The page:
Credit must go to developer The Creative Assembly for staying true to the general premise. The temptation must’ve been there to deteriorate this into an ALIENS-style climax with Ripley killing bugs by the dozens, but that never happens. Instead, ALIEN: ISOLATION is a twenty-five hour cat-and-mouse game that offers relentlessness for it’s entire duration. At times the tension is almost unbearable, the suspense incredible. I tip my hat to these devs for delivering so well on what was promised.

Like most, the game has a few flaws worth noting. For starters, it’s incredibly difficult. I played the first few missions on hard and had to reduce it to normal after an evening where I did nothing but try and escape a single corridor for the better part of two hours, only to die about thirty times. Most games have safety checkpoints, where the game automatically saves at moments when you make story progress, and if you happen to die after one of those, you simply restart at the last one. It’s almost a shock to discover this game doesn’t have that feature. It gives the game an increased sense of difficulty across all modes that it doesn’t need, creating a challenge boost that feels cheap and needless.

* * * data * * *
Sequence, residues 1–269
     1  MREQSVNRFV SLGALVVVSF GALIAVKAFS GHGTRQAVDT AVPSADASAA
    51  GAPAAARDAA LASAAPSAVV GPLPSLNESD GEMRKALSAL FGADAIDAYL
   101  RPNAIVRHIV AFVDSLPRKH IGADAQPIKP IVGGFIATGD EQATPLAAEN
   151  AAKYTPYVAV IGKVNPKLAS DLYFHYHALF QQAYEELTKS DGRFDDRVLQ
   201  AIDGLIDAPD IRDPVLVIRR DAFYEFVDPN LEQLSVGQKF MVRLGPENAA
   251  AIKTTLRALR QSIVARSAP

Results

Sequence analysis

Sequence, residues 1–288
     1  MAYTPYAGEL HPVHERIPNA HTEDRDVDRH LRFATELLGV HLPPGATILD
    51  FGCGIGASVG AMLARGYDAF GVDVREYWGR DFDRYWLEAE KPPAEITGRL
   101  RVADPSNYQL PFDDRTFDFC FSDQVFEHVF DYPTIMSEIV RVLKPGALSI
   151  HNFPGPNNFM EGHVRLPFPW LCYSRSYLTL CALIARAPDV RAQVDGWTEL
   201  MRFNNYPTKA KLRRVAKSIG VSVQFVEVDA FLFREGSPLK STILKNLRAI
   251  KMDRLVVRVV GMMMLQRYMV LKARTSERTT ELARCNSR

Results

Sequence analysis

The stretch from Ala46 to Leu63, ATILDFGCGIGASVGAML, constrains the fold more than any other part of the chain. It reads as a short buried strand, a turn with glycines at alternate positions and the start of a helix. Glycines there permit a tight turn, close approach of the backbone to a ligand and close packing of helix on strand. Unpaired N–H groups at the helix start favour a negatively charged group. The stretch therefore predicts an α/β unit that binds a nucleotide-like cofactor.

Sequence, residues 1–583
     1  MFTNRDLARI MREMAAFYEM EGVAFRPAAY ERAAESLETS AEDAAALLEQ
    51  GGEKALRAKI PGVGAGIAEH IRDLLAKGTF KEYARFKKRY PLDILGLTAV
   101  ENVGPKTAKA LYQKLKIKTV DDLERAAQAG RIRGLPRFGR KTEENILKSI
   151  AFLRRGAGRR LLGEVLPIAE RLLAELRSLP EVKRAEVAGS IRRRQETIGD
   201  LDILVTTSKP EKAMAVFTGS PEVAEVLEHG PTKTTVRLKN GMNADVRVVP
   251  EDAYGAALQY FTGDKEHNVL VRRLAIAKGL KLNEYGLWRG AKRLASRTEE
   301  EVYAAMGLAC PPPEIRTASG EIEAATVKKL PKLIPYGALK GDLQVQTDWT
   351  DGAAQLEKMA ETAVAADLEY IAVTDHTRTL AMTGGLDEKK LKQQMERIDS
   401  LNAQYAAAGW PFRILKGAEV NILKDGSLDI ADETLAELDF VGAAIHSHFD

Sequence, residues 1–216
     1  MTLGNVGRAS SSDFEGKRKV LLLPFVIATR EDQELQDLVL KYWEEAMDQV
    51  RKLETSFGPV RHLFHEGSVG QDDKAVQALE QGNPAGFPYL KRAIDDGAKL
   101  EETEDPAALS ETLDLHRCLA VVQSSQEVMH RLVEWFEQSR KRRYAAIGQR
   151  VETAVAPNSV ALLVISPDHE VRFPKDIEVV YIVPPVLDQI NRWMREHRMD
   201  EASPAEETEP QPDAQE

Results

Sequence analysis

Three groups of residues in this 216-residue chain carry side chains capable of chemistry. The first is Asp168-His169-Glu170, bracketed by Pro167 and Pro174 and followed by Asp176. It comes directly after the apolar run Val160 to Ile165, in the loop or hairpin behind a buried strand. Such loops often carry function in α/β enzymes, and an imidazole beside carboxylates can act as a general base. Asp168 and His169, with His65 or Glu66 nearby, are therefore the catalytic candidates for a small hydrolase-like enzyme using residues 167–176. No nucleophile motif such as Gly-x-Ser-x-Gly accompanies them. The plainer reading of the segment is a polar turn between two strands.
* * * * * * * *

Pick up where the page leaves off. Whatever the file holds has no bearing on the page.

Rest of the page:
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What’s worse, you must save your game manually, and this can only be done at save stations found throughout your travels. It’s not uncommon to die before reaching one, and having to replay the last half hour or so of progress as a result of this mechanic. Also, if you save your game with an enemy close by, you may be killed as soon as you’re done saving. If you make this error (and I did), the game thankfully allows the option of reloading the previous save as well.

Those qualms aside, ALIEN: ISOLATION is also a difficult game in the best of ways. Ripley loses health at the drop of a dime, and in the moments where you must fight non-alien foes, you’d better play smart because you’ll take more damage than you can often give out. Oh, and if you make too much noise during battle, you’re going to get the alien’s attention too. Sometimes this can be used to your advantage, prompting the creature to wipe out enemies for you. Other times, the creature may decide what it really wants is you. It’s often erratic and unpredictable, which makes it much more frightening.